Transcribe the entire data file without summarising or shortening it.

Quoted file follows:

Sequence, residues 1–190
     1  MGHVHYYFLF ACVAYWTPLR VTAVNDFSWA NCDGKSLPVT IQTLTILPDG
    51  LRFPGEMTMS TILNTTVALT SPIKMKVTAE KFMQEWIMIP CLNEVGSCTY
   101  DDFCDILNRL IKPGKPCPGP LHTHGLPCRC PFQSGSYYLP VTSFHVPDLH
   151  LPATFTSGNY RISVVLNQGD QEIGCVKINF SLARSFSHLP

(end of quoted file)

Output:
Sequence, residues 1–190
     1  MGHVHYYFLF ACVAYWTPLR VTAVNDFSWA NCDGKSLPVT IQTLTILPDG
    51  LRFPGEMTMS TILNTTVALT SPIKMKVTAE KFMQEWIMIP CLNEVGSCTY
   101  DDFCDILNRL IKPGKPCPGP LHTHGLPCRC PFQSGSYYLP VTSFHVPDLH
   151  LPATFTSGNY RISVVLNQGD QEIGCVKINF SLARSFSHLP